Design and Build Quality
As we mentioned in the introduction, the Acer 1551-5448 is no ordinary netbook. The grid-like top panel is far nicer than the standard glossy shell that adorns most of its competitors. It just feels more sturdy, more rugged, and honestly, it's just a breath of fresh air. Netbook design has stagnated somewhat lately, and it's great to see a company still investing time and effort into changing things up for end-users. The top shell is still plastic, as is much of the body, but it definitely feels more rigid and less pliable than some others that we have used.
Port wise, the 1551 is on par with other netbooks in the field. Along the left edge, there's a USB 2.0 port, an exhaust vent for heat, a full-size HDMI port, AC input socket, and a VGA port. Along the right edge, there's a 3-in-1 card reader, audio in/out ports, two USB 2.0 sockets, a Kensington lock slot and an Ethernet port.
The underside is fairly standard, with a slight bump along the rear for the 6-cell battery to be inserted. On the front edge, you'll see three LED lights for sleep/on, power and Wi-Fi.
Once you open the screen, you'll notice something new and something old. The display, an 11.6" WXGA panel, is surrounded by a very glossy black bezel, and the display itself is extremely glossy. This is unfortunate given just how fingerprint resistant the rest of the machine is; in fact, it just magnifies how badly the screen and bezel pick up prints and dust. There's a webcam atop the bezel, as well as a few rubber bumpers along the edges to keep the keys from smashing into the panel while closed.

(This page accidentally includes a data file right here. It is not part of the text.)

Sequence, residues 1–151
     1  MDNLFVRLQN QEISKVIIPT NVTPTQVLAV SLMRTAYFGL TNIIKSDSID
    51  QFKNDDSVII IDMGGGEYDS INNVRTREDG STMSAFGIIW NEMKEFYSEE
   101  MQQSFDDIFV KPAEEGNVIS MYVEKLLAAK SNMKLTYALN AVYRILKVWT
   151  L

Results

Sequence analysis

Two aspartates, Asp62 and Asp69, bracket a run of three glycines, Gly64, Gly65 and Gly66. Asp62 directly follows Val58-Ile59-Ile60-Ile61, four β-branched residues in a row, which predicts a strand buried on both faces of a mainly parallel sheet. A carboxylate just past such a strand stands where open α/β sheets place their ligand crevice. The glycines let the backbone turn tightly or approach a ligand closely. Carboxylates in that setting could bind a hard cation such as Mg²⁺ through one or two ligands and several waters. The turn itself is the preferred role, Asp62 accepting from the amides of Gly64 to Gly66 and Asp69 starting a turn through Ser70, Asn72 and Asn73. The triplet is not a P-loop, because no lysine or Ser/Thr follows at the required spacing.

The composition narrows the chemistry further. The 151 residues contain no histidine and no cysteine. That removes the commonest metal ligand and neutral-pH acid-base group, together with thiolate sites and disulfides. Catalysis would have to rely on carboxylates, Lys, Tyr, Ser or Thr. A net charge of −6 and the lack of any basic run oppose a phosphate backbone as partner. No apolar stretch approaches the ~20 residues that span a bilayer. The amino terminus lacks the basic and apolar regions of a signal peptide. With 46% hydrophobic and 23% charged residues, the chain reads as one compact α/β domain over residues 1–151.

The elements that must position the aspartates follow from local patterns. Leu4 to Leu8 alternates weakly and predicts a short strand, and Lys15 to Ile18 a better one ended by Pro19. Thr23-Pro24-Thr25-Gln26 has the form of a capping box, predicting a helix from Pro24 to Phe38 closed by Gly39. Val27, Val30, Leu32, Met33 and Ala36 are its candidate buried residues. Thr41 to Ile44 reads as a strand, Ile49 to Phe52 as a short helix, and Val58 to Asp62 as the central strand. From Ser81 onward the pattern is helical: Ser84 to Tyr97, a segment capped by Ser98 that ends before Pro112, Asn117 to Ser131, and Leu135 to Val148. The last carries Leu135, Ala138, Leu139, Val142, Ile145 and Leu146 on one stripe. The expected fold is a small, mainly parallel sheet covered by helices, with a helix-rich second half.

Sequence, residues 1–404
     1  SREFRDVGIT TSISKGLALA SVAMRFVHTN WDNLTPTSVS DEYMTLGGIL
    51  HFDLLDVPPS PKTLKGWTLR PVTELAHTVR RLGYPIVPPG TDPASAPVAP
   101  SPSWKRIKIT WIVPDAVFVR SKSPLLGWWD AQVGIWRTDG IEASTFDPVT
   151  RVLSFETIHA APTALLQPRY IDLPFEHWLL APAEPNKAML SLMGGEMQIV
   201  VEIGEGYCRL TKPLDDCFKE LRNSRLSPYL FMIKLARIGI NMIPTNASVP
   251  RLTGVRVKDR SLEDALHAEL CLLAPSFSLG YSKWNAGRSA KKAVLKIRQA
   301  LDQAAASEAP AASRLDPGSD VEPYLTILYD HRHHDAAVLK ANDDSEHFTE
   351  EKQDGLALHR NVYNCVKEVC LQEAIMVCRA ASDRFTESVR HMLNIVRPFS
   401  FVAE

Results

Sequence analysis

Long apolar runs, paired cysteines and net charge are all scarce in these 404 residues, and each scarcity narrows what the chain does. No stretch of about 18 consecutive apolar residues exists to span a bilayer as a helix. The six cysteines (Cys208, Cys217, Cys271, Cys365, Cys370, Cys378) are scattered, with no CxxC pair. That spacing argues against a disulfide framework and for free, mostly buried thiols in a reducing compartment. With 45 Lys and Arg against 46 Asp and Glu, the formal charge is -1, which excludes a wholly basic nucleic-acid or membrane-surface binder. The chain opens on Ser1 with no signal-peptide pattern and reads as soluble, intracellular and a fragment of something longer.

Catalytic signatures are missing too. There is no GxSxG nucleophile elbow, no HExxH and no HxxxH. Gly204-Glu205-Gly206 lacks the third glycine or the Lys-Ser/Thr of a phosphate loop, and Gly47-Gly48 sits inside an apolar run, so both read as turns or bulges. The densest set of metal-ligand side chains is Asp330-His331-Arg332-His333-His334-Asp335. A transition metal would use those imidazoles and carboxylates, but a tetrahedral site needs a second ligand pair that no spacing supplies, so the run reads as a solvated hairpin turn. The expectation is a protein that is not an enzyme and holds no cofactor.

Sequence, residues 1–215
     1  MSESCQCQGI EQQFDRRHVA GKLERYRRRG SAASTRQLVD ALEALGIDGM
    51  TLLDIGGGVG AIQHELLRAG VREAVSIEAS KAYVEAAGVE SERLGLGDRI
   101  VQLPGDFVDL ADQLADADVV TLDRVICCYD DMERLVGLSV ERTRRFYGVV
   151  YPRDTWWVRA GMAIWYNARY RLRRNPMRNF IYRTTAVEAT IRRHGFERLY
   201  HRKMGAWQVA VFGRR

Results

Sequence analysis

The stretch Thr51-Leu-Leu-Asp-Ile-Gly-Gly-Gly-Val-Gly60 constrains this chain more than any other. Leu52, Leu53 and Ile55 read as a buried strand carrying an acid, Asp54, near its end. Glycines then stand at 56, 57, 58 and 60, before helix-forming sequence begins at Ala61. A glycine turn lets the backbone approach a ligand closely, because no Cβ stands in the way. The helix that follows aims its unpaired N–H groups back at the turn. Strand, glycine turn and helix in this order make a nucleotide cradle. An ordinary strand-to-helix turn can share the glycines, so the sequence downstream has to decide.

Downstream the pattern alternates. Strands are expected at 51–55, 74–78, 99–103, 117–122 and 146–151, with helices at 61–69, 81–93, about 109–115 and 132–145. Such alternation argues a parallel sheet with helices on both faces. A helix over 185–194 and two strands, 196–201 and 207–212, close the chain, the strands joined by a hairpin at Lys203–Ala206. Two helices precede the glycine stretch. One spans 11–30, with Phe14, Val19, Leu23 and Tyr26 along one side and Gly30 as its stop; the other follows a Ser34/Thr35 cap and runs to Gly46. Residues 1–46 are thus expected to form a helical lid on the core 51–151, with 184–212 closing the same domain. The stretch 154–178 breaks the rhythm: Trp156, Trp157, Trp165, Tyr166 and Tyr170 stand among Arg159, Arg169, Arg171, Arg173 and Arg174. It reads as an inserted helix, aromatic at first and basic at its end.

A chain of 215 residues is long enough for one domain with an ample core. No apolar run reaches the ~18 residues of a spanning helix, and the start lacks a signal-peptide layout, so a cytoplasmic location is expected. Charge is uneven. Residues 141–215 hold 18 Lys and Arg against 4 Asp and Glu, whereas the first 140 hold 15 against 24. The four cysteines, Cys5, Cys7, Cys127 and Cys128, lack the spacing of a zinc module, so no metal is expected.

Now, for the "new" part. The keyboard, palm rest and trackpad are all huge upgrades compared to most netbooks. The slick, non-glossy palm rest feels nice to the skin in use, and the trackpad is smooth (not textured), which we prefer. It's not an oversized pad, but the fact that it supports multi-finger gestures really boosts productivity. Two-finger scrolling worked like a charm, for example. Also, the left/right mouse buttons had a great amount of travel, which is hard to find on a netbook. Acer really nailed this implementation.
The keyboard itself isn't exactly the "chiclet" style that is used on so many Asus netbooks these days. These keys essentially go edge-to-edge, enabling each key to be large (for a netbook keyboard, anyway). We loved the keyboard here. It was probably our favorite netbook keyboard to date. We experienced minimal typos and the learning curve coming from a full-size keyboard on a 15.6" notebook was basically nonexistent. Kudos on this, Acer!